The green light is a 20 amp 30w fuse to help protect the inverter from overloading and blowing the fuse in the care for this outlet.  It also has a USB if I want to charge offf of that and a 9v charger.  I use the electrical here and plug right in, though I could connect an extension cord to it and run and charge the laptop that way. I just don't do that personally.

I also have a battery jumper with me in case, just in case I drain the main battery. I usually start the car a couple of times during a charge and run the engine for about 10 minutes to let the alternator recharge the car battery.  Haven't had a problem doing this.

The second way is I have two deep cycle batteries used to power carts that I use for power.  One I use when I am camping or sleeping over and it runs my CPAP machine, well the one I now use in the field. I cannot use the humidifier when using the battery, if I want to get more than 1 or 2 nights use with it. By not using the humidifier I can get 4 nights out of the battery. I can also run a O2 Cool portable fan from the battery while I sleep (I like a fan blowing on me when it is warm outside).  Mix that with a spray bottle and a few sprays in the face and you cool right down!

Anyway to make this all work I purchased the following items off of Amazon for about $6 each, except for the not pictured Battery Tender which re-charges the batteries at home off of the outlets or the 100w solar panel that will also in about 2 days re-charge a battery.  I don't use that much, it is more for if the power is out long term and I need to charge the batteries to use my CPAP.

This item below, is a Battery Tender 081-0069-6 Ring Terminal Harness with Black Fused 2-Pin Quick Disconnect Plug.  It connects to the battery and then has (hidden under the cord in the center of the image) a plug that connects to the second image, a NOCO ISCC2 5-Way SAE Adapter Connector.  By plugging in the NOCO I get 4 outlets that I could use to draw power of the battery and recharge IF I want to.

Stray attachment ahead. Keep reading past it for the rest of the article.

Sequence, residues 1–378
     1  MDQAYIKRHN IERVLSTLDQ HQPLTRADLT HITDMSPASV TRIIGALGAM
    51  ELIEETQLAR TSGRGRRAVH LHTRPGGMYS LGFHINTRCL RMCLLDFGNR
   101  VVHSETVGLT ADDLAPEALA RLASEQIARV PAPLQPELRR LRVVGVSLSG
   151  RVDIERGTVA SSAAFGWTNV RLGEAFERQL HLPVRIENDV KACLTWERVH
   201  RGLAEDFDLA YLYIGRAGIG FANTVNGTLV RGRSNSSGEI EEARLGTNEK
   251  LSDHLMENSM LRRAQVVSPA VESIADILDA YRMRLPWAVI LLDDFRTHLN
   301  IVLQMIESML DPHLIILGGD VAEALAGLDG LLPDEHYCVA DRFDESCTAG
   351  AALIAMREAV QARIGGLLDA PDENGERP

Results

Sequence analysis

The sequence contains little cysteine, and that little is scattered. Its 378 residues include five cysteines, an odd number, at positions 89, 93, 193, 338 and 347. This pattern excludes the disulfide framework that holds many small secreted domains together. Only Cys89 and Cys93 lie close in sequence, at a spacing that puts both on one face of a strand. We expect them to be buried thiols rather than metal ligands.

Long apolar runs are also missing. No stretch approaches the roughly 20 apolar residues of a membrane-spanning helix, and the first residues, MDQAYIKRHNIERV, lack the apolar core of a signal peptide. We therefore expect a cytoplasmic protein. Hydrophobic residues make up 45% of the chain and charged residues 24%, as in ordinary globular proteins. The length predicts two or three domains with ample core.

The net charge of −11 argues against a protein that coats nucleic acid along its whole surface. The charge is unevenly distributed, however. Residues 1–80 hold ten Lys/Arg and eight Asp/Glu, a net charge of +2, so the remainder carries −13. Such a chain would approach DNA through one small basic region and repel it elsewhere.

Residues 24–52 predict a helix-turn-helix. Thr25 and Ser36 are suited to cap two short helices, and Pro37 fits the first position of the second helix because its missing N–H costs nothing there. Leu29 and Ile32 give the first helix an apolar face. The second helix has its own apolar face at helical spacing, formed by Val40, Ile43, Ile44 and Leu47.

Below is the Battery Tender 081-0069-8 Female Cigarette Adaptor for Quick Disconnect that connects into the NOCO above (that is connected to the battery) and then I have the correct adapter that lets me connect my CPAP to this plug and then my CPAP is powered. I also run one for the O2 COOL 12" fan I run, and then I can also if there is enough charge in the battery, charge my laptop up during the day I usually use the battery I am not using for the CPAP to charge the laptop. Takes about 4 to 5 hours to charge off the battery vs 2 hours or so off the car, but I drain the deep cycle battery here, not the car battery. Just depends if I want to stay in the car, and start her up to charge, sometimes I do run the car when I charge as it seems to charge quicker, or if I am using the other laptop for the next night.  

So here are my poor man videos that I crudely made to give you an idea of controlling light and re-charging a laptop or running a CPAP in the field.  Again for the CPAP you need a deep cycle battery, the cords above and the 9volt power cord male that fits the female Adapter above and fits into the back of your CPAP machine.

The first video is bad, really bad. I did not realize that the camera had turned so the video is mostly sideways. This is focused on the 150 Watt Inverter and using that to power the lap top. The car is running at this time.  Here you go.

The next video improves as I did it the right way and shows the power and the rubylith and red clear acrylic covering for the laptop(s).  

This video shows the clear acrylic covering on the laptop and how I would roughly put the rubylith on using the rubber bands to secure it. 

This next video shows how I use my deep cycle batteries to re-charge the laptop, and run my CPAP machine and my O2 COOL fan that I got from Lowes.  Oh, please no comments on my 51 year old legs . . . . at least I can still sit with my legs crossed over! 

There you have it, basically.  I recharged my batteries today. One was almost dead for 5 days out in the field, camping and running the CPAP and re-charging the laptop twice and running that fan at night and during the day for me. The other battery took about 3 hours to finish the charge.  My main goal in the film above was to show the alternative way I run power, for those that may want to do something similar. Anyway, hopefully that helps! 


Wolf Creek Summit Directions